Domestic extraction of materials is grown in all world regions to meet increased demand for materials. The densely populated global regions of Europe and Asia and the Pacific have not been meeting all of their material demand from domestic extraction of natural resources, despite large increases in agricultural production and mining in Asia and the Pacific region, especially these two regions have required large and increasing amounts of imports of materials, especially fossil fuels and metal ores, from all other regions.

Population has continued to contribute to rising material demand, but not to the same extent as rising per capita income and the emergence of a new middle class in developing countries

Worse, I think, are the conclusions that we are not only consuming more per capita but also, perhaps, more per item produced, as efficiency was stagnant in the last decade of the 1900s and has declined in the new millennium.

The material intensity of the world economy has been increasing for the past decade, driven by the great acceleration that has occurred since the year 2000. Globally, more material per unit of GDP is now required.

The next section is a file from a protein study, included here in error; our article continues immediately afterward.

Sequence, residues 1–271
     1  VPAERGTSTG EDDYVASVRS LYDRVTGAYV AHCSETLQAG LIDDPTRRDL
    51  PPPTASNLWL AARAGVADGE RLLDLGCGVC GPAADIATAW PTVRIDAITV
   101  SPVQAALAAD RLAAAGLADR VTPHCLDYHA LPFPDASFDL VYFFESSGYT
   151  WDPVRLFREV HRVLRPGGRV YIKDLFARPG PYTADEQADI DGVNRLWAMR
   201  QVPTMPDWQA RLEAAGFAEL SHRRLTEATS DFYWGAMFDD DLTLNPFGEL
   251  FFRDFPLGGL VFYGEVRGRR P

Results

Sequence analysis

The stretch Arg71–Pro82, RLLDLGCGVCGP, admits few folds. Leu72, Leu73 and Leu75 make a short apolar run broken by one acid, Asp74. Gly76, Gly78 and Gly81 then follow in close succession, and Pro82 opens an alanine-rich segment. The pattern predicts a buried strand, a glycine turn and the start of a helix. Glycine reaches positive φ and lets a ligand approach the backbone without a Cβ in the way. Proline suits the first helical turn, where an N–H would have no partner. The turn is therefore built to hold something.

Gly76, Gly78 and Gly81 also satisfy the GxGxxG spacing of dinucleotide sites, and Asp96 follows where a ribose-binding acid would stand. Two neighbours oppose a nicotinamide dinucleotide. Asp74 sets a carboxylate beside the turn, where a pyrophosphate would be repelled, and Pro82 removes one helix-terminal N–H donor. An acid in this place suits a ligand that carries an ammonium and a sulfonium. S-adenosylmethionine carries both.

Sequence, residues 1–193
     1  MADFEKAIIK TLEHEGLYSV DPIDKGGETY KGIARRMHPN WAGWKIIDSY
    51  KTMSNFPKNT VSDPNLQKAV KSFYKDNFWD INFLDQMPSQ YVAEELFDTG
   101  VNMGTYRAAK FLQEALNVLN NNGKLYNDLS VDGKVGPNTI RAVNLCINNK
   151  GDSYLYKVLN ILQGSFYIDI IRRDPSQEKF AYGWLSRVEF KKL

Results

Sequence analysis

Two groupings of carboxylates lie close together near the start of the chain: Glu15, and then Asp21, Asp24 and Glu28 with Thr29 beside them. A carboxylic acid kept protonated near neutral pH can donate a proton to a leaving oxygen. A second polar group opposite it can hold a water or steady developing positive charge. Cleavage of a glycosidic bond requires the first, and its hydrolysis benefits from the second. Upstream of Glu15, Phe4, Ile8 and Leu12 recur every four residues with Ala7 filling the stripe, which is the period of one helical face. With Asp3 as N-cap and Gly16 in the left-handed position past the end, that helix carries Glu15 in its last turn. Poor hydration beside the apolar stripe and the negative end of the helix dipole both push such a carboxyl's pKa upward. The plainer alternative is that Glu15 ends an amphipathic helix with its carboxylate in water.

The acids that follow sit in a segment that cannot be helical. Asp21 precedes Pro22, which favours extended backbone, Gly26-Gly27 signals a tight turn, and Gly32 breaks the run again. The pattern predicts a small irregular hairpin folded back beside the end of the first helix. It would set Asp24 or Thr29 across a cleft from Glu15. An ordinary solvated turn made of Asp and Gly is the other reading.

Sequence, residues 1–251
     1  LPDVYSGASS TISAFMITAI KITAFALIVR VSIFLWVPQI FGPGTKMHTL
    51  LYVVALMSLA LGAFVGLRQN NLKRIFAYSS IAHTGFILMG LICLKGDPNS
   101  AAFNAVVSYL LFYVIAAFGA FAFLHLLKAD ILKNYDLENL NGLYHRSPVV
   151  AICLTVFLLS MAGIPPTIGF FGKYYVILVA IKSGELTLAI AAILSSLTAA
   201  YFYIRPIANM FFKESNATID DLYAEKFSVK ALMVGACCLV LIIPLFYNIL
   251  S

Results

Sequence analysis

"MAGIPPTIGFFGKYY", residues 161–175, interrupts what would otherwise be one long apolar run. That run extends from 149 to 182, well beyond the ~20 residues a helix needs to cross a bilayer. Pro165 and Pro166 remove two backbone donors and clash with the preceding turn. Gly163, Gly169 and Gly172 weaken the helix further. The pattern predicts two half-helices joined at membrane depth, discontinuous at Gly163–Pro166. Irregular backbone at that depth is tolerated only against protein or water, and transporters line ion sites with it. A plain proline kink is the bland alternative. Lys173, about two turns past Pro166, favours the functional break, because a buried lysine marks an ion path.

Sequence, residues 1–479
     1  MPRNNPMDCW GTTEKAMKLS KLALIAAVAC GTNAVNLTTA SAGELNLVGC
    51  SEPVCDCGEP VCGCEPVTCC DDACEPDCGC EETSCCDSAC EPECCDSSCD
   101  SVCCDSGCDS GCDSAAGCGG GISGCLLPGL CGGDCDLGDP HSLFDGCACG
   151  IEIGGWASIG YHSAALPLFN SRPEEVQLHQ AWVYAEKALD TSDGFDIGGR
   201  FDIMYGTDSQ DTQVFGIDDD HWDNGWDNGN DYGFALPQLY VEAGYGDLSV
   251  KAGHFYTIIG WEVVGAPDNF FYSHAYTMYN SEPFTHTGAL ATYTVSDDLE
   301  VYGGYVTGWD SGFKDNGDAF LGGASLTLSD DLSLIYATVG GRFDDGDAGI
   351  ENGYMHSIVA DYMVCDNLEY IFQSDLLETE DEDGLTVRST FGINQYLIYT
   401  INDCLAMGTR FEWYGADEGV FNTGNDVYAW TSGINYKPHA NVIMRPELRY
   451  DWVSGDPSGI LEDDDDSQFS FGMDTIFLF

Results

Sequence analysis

Production has shifted from very material-efficient countries to countries that have low material efficiency, resulting in an overall decline in material efficiency. Countries earn a material efficiency dividend as their economies mature and most countries of the world have improved their material productivity over time, i.e. they use less material per unit of GDP.

What may seem counter-intuitive has been caused by a large shift of economic activity from very material-efficient economies such as Japan, the Republic of Korea and Europe to the much less material-efficient economies of China, India and Southeast Asia. This has resulted in growing environmental pressure per unit of economic activity and works against the hypothesis of decoupling — achieving more with less — which is so important to the success of global sustainability.

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The IRP report, “Global Material Flows and Resource Productivity,” is available here [PDF]  without charge.